INTERFACE talks to Paul Seiler about the Ministry of Education’s review of managed learning environments and its plans to develop more standards-based LMS solutions in New Zealand schools.
What is a Managed Learning Environment (MLE)?
The Ministry of Education regards a managed learning environment (MLE) as the collection of software tools and digital content that support learning. From one perspective it is comprised of two hubs: the Student Management System (SMS) that controls the administration and management of student and staff information; and the Learning Management System (LMS) that controls much of the curriculum and pedagogical modules. Over time, many other services and applications will interact with one of the hubs. Such modules can include: authoring and publishing, collaboration, digital repositories, e-portfolios, social networking, content and library management systems, etc.
From your perspective, what’s been the problem?
Historically, LMS have been regarded as a single, all encompassing solution, whereas many commentators now believe that a mix of tools is a stronger, more stable approach to meet school needs, a view supported within New Zealand and internationally. The largest challenge in this ‘mash-up’ (which we refer to as a MLE) approach is the interoperability, the way the parts interact and play together. Also, schools are not able to share resources developed in their locally installed LMS unless the second school uses the same one. In some cases, even this is not possible. This means:
• a student or teacher cannot take their work with them and schools cannot exchange content. It remains locked in the first (proprietary) system; and
• if a new module is introduced from another provider, there is no guarantee it will be able to exchange data with your existing modules – in fact it probably won’t.
As a result, the movement of relevant educational material is difficult or time consuming!
Why have you chosen now to get involved?
While less than 20 per cent of schools currently have and use an LMS (in contrast, over 95 per cent of schools have and use an SMS) the interest in LMS and associated tools is high and growing. We believe that earlier involvement (before too many schools have made decisions and invested) to provide guidance and direction to schools and vendors is preferable to waiting any longer.
What has the Ministry done?
Our aim is to design and promote an educationally-relevant, open, modular, standards-based, sustainable approach to MLE development and use for New Zealand schools. The Ministry of Education has selected a few LMS vendors to work with to develop and implement the required standards and specifications. Add in the ongoing work with SMS and we expect to make good progress to ensure MLE components work seamlessly together for schools regardless of the providers of the modules chosen by the schools – thus ensuring that information can move between modules within a school and from one school to another.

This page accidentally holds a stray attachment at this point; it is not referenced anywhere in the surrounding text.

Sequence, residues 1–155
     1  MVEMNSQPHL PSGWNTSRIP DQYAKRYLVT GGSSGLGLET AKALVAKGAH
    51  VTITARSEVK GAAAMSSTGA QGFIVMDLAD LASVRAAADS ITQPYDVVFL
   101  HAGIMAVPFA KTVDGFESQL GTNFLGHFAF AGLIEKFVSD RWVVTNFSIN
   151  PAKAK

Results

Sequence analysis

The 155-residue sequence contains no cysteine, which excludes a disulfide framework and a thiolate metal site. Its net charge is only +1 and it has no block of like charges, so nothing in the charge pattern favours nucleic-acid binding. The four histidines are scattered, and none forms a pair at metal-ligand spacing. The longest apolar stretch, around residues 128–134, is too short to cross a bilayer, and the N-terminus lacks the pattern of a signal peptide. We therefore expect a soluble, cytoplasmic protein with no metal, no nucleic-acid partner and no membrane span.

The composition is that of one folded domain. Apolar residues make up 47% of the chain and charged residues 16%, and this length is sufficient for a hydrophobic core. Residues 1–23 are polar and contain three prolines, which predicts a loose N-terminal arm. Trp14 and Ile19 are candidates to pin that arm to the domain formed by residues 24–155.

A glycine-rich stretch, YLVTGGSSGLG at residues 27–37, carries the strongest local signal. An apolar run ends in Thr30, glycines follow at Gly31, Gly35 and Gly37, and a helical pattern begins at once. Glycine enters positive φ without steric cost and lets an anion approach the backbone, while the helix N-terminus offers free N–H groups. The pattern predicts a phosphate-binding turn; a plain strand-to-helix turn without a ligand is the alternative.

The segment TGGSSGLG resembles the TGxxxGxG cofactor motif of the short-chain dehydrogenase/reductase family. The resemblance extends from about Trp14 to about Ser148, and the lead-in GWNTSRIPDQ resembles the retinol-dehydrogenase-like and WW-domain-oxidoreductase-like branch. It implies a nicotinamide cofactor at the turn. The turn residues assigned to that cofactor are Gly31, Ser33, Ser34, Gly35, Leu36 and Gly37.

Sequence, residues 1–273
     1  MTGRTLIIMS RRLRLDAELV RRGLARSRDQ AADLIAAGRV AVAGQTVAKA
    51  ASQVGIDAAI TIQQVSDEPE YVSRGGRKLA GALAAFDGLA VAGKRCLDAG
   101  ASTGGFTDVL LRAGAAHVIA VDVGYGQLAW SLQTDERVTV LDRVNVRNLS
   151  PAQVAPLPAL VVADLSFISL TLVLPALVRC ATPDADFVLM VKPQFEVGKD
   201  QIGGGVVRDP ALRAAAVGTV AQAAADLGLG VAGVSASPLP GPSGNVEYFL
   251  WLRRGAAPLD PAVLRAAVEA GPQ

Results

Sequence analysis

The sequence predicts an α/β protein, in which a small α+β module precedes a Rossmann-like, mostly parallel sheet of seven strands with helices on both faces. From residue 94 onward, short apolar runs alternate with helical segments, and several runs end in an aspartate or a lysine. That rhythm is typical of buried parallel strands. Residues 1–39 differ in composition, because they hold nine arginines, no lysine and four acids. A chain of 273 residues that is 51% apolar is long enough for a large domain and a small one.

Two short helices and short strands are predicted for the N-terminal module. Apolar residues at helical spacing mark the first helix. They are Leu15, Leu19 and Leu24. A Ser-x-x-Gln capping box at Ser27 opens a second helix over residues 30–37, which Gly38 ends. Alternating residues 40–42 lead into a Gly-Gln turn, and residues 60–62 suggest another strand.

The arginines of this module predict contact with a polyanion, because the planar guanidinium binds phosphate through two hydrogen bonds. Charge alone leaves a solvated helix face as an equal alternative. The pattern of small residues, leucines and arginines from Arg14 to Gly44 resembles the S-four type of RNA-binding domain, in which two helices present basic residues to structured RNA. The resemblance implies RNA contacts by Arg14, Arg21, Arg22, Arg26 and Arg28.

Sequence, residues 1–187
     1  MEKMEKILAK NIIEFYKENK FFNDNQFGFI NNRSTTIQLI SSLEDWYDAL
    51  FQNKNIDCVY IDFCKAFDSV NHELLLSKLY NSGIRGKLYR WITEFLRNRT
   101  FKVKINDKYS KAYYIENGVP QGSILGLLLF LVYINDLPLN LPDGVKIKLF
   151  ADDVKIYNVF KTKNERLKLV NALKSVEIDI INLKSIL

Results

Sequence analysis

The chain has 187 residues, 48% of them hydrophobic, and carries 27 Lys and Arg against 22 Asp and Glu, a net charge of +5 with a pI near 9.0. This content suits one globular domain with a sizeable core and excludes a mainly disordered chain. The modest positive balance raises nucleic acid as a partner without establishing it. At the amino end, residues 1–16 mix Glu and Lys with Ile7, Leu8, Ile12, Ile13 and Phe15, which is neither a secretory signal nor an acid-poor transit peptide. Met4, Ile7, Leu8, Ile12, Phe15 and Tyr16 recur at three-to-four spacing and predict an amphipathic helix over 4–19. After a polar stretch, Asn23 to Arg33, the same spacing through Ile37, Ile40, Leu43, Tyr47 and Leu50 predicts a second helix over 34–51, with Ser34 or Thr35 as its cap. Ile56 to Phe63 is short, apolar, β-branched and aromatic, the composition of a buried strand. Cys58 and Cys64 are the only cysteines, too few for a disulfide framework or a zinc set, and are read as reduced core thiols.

Who are the LMS vendors?
Three vendors have been chosen. They will be announced when contracts have been signed later this month.
What will be the benefits for schools?
The MLE in New Zealand is relatively immature but the technology does offer schools 21st century ways of teaching, thinking and learning. We predict:
• Improved student outcomes from teaching approaches being adaptive, with the student at the centre, and able to take advantage of the evolving technology;
• Increased family engagement through the provision of a parent portal and timely reporting showing learning activity and achievement; and
• Quality MLE software modules available from the provision of funding assistance to take selected LMS vendors on an enhanced (educationally relevant) development path.
Has there been any sector involvement?
The Ministry has worked with a principals’ reference group to establish the strategy, assist with the vendor selection and determine the most appropriate priority order of the work to realise the most needed benefits in the shortest possible time. We also held four consultation meetings late last year to hear directly from more schools. The team remain interested to hear from any school.
Is funding available?
The selected vendors will receive funding for integration activities. However, at this point the Ministry is not funding schools to purchase or use an LMS.
What is the likely timeline of development?
We expect the first improvements to be with schools during Term One. The total time to enhance and develop all aspects will be several years.
Should schools delay their purchase of an LMS?
Yes. We are strongly recommending that schools keen to purchase a learning management system wait until we announce our selected vendors in Term One.
Where can schools get more information?
A roadshow will be held in Terms 1, 2 and 3, that will focus strongly on the MLE concept and planned activity. In the meantime, schools can contact us on 04 463 7666 or firstname.lastname@example.org
Paul Seiler is a Manager at the Ministry of Education, with responsibility for Managed Learning Environments.
© INTERFACE February 2009
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